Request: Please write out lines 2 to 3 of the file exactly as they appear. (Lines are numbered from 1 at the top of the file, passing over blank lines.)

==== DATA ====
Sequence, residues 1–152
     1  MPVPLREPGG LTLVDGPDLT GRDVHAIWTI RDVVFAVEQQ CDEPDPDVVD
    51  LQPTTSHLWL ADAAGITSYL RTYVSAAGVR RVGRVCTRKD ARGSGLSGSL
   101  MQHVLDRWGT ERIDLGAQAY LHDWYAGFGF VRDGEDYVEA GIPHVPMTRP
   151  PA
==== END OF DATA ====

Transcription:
     1  MPVPLREPGG LTLVDGPDLT GRDVHAIWTI RDVVFAVEQQ CDEPDPDVVD
    51  LQPTTSHLWL ADAAGITSYL RTYVSAAGVR RVGRVCTRKD ARGSGLSGSL